Wednesday, January 26, 2011
Week 3: Bustle Hoops
Yes, it's been a while since my last post! Lots of life stuff has kept me busy but things are slowly returning to normal. I actually finished the hoops AND took the photos quite a while ago but it's taken this long to get everything posted! So here we go, Week 3: Bustle Hoops
I started this project a couple of years ago, and I really didn't have much to do to finish everything so it was the perfect project to tackle. The pattern used is Laughing Moon's #112: Hoops and Bustles which is a great pattern for Victorian hoops of all stripes. In fact, I made my Dickens hoops using the same pattern--perfect because they are a more natural, everyday hoop size rather than the grand ball hoops.
The fabric is a woven cotton stripe I had in the stash. The two odd seams in the side front panels were the result of me not paying attention while I was lengthening the pattern and having to backtrack and add a bit to those panels! Ooops. But it worked out just fine and the rest was a breeze, just straight sewing and careful marking for the bias tape channels.
One thing I've done that's slightly different than the pattern is instead of using a buckle at the waist tape I lengthened the ties so that it could be tied in a bow instead. I used a buckle on my other hoops but it seems to slip a bit so I think the ties work better. Wouldn't want to suddenly lose my hoops while out and about. :)
The last step was to insert the steel boning into the channels. I left about a 2.5" opening in the middle of each boning channel so that the boning can be easily slipped in. You could sew the channels closed but since the bones don't move and I personally would find it a pain in the you-know-what to seam rip channels to remove the boning before washing the hoops I'm leaving the openings where they are. (And here's a tip: when you do remove the boning, number each bone with blue painter's tape so that you can quickly get those bones back into the right channels without having to re-measure all of them.)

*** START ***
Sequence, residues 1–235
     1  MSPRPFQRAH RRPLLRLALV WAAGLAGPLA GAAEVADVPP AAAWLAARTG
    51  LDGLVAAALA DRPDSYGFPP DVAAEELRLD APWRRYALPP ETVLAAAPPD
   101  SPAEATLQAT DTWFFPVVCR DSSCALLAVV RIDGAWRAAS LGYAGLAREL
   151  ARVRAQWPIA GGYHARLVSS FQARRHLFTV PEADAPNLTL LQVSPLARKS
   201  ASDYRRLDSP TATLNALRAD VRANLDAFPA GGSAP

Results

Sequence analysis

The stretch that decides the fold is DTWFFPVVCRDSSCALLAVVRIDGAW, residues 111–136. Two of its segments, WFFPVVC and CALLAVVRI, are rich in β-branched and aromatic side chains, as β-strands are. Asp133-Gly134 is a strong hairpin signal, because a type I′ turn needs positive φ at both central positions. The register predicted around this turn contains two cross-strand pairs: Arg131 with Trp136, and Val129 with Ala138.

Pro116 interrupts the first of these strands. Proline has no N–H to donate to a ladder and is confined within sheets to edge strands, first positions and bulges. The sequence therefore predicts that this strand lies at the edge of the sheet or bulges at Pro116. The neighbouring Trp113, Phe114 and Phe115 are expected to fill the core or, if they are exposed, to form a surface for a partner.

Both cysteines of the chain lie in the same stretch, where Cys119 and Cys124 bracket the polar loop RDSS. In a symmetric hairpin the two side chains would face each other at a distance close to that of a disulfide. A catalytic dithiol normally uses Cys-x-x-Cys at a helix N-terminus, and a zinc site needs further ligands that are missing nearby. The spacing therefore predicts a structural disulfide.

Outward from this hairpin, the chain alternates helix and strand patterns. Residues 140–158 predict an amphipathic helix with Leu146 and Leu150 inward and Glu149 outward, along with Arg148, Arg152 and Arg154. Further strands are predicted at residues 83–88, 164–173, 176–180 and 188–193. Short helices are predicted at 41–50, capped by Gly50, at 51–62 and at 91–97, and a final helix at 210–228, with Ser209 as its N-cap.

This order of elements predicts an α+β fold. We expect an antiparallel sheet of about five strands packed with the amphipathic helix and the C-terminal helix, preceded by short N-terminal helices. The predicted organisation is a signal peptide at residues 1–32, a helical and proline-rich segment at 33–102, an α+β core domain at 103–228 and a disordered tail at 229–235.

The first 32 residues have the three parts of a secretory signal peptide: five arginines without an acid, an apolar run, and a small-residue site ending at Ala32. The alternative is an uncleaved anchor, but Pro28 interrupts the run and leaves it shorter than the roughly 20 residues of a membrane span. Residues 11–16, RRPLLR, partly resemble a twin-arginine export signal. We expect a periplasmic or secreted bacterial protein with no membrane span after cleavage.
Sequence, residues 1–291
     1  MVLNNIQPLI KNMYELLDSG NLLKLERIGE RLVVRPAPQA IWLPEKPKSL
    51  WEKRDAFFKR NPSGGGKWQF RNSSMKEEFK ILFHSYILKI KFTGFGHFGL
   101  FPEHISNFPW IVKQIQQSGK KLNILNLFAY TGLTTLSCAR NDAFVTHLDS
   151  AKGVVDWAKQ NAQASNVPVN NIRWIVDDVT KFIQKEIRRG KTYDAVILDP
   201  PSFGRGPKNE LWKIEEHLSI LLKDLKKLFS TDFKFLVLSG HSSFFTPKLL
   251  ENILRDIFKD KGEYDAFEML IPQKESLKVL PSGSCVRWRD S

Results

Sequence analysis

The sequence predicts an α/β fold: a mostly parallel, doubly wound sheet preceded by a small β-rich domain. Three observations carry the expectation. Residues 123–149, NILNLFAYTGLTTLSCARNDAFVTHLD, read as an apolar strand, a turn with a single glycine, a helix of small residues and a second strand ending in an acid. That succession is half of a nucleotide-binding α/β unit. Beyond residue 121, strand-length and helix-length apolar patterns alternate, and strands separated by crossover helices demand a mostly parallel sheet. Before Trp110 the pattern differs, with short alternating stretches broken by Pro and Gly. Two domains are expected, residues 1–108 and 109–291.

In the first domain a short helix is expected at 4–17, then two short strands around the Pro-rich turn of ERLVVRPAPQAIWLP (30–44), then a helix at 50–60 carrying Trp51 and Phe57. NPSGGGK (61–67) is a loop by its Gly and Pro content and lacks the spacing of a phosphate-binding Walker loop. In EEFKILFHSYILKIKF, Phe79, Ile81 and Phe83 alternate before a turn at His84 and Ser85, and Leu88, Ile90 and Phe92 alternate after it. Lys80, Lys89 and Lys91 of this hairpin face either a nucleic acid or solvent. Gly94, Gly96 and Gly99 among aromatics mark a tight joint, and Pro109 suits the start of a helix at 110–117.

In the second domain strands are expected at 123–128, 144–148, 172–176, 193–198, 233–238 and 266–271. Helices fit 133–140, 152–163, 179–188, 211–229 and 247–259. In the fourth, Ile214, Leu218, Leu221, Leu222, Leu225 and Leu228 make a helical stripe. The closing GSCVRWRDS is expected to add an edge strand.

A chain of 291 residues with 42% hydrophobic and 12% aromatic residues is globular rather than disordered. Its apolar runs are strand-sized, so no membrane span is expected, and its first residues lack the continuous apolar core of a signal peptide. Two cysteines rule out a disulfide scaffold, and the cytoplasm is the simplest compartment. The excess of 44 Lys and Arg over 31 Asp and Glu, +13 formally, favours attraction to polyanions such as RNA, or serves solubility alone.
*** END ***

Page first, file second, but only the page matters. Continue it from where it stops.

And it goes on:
Originally I thought I'd round the boning edges with our sanding tool thingie and then dip the edges into tool dip but when I picked up the project and checked on the tool dip I found it had dried out, drat. I had two choices: buy more tool dip and get used to power tools or make a Lacis run for boning tips and round the edges using tin snips. I chose option number two because I wanted to get this puppy done and didn't want to wait for the tool dip to dry. (Note: ALWAYS wear safety goggles for this type of stuff. I had bits of metal flying everywhere but it was necessary to curve the edges so that they would fit into the tips.)
Now I can't wait to make the dress!